‘I can actually talk to them now’: qualitative results of an educational intervention for emergency nurses caring for clients who self-injure
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Aim and objectives. This Australian study evaluated the effectiveness of a solution-focused education intervention in extending and improving emergency nursing responses to patients who present because of self-injury. Background. Emergency nurses commonly report lack of training and feeling unskilled in managing people who present because of self-harm. Most educational interventions have provided content knowledge, yet rarely have they focused on conveying the value of health promotion strategies such as proactive skills and coping strategies. Design. A mixed method pretest-posttest group design was used. Methods. Nurses (n 젳6) were interviewed to examine differences in professional identity, awareness of self-injury and clinical reasoning. Results. The qualitative results are presented in this paper and these showed improvements in knowledge and understanding of self-harm, self-belief in nurses' capacity to positively influence clients and the value of health promotion skills. The intervention produced a positive attitudinal shift towards clients and an expressed intention to act in ways that were more person-centred and change oriented. Conclusions. The solution-focused education intervention appears to show promise as an intervention for enabling nurses to value their unique contribution to providing a health service that is more proactive and health-promoting. Relevance to clinical practice. Interactive education bringing psychosocial skills to technical nursing staff builds confidence, competence and more person-focused care.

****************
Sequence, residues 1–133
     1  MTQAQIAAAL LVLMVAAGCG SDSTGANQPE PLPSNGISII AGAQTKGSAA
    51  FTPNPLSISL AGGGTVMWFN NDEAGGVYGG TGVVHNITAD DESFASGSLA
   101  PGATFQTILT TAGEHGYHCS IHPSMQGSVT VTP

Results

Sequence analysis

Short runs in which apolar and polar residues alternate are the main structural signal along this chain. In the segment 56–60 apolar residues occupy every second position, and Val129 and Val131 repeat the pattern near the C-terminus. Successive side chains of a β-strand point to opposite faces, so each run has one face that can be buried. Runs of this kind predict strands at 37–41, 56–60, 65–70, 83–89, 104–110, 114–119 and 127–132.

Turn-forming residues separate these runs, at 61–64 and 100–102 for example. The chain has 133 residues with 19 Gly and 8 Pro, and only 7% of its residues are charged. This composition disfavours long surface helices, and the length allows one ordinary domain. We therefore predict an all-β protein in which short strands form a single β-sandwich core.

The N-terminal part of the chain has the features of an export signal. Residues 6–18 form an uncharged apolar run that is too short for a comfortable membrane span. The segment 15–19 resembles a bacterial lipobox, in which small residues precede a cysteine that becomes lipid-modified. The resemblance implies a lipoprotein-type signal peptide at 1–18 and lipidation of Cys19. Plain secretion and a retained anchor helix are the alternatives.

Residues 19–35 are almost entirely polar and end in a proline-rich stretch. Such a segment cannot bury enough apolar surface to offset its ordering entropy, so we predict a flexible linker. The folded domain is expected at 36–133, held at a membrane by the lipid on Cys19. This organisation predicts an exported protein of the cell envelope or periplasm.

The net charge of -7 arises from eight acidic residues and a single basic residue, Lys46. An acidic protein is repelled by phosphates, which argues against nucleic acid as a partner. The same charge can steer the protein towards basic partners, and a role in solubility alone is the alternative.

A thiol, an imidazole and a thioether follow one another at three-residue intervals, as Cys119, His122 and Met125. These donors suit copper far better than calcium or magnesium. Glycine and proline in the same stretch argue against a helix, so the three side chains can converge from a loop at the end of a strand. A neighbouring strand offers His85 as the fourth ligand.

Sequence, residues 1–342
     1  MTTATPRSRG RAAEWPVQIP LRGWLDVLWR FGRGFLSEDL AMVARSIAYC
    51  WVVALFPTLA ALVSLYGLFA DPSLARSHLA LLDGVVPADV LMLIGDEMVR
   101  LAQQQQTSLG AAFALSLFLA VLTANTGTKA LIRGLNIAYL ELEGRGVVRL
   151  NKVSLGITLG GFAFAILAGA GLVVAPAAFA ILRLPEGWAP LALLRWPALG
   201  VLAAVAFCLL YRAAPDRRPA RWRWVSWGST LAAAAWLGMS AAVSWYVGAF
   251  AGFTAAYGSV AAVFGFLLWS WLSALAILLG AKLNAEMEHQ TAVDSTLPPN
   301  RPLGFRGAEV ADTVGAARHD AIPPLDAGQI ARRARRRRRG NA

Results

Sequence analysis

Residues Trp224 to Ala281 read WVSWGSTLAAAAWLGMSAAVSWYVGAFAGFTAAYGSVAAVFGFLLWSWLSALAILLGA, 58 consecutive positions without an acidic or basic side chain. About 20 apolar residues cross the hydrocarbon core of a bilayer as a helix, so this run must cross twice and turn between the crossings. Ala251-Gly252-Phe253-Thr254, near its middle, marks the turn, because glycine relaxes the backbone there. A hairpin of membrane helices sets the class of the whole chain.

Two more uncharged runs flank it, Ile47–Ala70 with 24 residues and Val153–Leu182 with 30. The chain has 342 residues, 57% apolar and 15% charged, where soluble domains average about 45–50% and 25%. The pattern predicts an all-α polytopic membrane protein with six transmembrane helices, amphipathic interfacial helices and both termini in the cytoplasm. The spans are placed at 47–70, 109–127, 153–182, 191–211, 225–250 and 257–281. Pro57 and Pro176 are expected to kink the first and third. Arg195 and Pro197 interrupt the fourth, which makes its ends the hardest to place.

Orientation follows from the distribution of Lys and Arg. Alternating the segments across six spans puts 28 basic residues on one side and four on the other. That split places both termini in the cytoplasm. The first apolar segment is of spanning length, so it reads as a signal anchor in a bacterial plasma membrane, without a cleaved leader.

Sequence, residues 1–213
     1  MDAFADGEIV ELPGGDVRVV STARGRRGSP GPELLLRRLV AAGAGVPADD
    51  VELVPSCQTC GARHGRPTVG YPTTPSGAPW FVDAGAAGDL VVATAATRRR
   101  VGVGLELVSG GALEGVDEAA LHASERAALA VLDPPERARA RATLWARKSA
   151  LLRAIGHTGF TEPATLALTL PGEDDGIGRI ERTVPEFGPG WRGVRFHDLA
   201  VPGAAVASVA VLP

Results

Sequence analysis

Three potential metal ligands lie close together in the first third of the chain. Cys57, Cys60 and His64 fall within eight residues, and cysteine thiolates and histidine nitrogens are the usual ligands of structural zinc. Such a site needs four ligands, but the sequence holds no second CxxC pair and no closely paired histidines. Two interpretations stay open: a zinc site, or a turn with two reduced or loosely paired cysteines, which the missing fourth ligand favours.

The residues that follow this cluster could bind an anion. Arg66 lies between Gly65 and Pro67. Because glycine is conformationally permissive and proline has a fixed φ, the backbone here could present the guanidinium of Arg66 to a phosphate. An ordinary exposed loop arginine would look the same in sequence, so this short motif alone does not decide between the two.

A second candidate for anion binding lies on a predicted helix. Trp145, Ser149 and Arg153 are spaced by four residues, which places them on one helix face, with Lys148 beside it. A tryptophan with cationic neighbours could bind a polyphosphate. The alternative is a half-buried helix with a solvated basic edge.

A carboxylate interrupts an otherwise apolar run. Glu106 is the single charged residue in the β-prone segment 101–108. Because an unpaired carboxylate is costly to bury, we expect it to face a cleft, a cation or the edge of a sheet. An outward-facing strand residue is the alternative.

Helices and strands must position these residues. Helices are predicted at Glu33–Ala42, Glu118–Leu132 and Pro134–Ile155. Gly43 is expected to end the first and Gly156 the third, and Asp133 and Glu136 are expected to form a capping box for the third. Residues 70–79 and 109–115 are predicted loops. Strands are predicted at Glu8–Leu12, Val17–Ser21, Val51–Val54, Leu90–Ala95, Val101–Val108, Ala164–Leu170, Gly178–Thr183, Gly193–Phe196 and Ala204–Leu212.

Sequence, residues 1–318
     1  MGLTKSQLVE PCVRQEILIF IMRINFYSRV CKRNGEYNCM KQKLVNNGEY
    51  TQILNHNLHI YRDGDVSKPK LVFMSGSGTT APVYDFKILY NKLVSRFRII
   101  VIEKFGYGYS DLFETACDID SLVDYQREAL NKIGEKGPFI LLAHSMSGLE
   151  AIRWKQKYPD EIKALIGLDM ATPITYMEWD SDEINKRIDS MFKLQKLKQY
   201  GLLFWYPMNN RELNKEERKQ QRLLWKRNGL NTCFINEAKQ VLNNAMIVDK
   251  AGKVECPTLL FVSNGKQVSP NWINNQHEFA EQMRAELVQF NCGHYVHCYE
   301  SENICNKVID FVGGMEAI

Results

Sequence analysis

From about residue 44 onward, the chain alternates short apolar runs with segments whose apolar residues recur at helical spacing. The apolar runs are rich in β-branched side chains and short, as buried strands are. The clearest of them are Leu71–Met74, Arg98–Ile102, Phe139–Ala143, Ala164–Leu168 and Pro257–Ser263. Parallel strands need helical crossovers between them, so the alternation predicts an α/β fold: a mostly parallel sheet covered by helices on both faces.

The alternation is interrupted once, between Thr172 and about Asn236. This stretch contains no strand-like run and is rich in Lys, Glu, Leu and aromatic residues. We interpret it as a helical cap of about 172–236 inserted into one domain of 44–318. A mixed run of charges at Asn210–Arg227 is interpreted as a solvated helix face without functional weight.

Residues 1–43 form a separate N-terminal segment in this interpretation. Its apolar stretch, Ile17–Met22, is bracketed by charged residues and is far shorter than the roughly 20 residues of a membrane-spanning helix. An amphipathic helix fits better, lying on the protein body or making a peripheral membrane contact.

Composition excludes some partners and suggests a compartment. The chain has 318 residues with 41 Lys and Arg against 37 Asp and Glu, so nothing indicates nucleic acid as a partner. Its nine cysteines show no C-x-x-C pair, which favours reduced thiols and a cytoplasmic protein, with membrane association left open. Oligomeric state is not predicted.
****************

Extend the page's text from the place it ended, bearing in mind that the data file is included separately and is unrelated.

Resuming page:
Journal of Clinical Nursing
Education not elsewhere classified